The Health Organisation (WHO) has declared that more cycling leads to safer cycling.
Speaking at the recent Velo-city conference in Brussels, Francesca Racioppi of the WHO?s European Centre for Environment and Health, said cycling is safest in places where there are high levels of cycle use.
She also acknowledged the link between levels of ?active travel? and obesity in different countries.
Britain and USA are both low down the league tables of active travel, compared to say Holland and Denmark.
The WHO?s statement has delighted the CTC, the UK cycling organisation, who presented their own evidence in a report entitled ?Safety in Numbers? at the Velo-city conference.
Two weeks earlier they presented this same report in the House of Commons in a bid to encourage government to do more to promote cycling.
A 91 per cent increase in the numbers cycling in London has seen a 33 per cent drop in accidents. It?s the same story in Leicester, where a 43 per cent increase in cycling has been followed by an 11 per cent drop in cycling casualties.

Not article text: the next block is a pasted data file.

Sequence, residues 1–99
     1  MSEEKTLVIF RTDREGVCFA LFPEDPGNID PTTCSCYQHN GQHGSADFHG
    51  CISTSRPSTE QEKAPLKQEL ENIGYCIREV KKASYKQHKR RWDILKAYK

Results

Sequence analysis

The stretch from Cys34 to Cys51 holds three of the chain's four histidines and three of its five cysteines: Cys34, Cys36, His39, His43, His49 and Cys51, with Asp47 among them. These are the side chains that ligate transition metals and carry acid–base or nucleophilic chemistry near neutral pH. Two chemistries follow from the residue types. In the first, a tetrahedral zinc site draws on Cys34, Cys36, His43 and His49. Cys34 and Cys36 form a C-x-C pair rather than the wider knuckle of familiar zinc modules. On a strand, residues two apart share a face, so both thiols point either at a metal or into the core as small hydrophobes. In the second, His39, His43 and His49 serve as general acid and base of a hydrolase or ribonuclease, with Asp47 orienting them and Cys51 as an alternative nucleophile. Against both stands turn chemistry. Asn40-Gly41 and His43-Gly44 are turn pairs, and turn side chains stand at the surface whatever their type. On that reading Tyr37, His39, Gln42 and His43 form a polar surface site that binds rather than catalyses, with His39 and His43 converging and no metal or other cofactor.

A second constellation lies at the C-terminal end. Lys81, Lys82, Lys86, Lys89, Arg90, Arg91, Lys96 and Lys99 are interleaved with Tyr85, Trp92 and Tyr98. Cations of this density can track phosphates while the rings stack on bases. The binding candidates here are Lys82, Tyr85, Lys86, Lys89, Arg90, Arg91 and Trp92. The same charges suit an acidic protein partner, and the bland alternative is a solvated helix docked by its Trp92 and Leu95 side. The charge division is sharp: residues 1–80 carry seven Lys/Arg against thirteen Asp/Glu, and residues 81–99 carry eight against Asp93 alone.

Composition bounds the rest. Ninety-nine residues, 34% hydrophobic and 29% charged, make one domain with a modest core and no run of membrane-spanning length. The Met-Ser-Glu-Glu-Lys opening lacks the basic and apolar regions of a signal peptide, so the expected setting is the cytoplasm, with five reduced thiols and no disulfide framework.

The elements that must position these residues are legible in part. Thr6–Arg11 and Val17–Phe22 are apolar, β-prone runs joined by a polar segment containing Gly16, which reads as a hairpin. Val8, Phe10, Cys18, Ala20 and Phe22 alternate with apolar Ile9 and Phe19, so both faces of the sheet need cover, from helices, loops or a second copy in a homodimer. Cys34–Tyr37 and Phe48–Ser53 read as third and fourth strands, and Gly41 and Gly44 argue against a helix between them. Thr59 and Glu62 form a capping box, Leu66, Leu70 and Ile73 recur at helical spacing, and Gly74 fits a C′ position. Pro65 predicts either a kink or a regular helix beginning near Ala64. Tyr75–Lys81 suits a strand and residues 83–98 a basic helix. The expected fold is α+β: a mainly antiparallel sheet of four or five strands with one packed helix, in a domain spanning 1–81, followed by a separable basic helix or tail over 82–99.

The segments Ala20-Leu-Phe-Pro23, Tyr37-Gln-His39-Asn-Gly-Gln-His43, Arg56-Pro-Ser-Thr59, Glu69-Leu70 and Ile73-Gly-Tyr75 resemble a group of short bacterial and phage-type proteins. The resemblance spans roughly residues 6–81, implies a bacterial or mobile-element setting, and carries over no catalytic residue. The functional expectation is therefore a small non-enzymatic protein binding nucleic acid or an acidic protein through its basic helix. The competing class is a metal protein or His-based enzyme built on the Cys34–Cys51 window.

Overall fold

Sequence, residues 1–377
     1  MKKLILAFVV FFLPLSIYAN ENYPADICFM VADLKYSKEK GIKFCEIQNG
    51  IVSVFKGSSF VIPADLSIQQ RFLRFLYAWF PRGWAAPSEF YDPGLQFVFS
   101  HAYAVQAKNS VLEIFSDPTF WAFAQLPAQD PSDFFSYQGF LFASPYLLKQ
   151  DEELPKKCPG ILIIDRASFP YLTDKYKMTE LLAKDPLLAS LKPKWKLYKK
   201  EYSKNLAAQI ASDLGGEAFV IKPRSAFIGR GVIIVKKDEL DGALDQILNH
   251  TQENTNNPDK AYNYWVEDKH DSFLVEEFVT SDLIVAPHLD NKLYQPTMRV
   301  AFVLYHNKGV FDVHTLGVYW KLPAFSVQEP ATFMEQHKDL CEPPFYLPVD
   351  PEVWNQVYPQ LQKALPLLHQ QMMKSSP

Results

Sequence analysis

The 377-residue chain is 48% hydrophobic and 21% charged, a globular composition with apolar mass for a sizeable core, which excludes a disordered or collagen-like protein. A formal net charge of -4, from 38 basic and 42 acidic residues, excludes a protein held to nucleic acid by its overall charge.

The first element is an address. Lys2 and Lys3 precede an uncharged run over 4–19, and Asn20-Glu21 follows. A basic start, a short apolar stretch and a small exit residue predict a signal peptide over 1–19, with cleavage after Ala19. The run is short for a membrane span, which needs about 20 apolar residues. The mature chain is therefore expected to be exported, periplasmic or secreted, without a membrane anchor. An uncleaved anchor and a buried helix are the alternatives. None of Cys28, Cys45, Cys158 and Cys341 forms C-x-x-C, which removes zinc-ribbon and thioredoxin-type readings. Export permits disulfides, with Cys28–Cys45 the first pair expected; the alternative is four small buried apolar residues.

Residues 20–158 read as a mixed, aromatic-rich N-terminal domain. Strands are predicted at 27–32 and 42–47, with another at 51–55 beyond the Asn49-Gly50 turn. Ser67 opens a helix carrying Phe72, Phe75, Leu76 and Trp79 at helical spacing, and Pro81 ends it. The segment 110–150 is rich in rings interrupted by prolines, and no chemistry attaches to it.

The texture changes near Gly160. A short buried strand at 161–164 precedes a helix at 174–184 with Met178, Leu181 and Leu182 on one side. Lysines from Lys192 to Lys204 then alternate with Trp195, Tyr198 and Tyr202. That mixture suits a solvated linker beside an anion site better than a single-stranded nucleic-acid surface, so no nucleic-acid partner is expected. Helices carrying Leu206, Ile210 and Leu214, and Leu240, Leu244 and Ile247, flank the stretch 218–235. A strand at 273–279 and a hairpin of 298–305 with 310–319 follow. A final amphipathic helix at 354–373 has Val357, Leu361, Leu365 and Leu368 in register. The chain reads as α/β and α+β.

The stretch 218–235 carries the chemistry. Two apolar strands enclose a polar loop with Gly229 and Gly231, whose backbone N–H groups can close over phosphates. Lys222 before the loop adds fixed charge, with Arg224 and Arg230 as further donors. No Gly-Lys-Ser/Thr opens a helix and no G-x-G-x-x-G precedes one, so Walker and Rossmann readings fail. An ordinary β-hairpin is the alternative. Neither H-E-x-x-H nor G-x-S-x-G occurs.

Chris Peck, CTC policy co-coordinator, says the ?CTC?s new evidence shows that cycling gets safer the more cyclists there are. So while Britain has one of Europe?s lowest rates of cycle use, and is a relatively hazardous (compared to Holland and Denmark) place to cycle, the good news is that a doubling of cycle use would improve safety not just for cyclists but for all road users, with benefits for our health, our streets, our environment and indeed for our wallets.?
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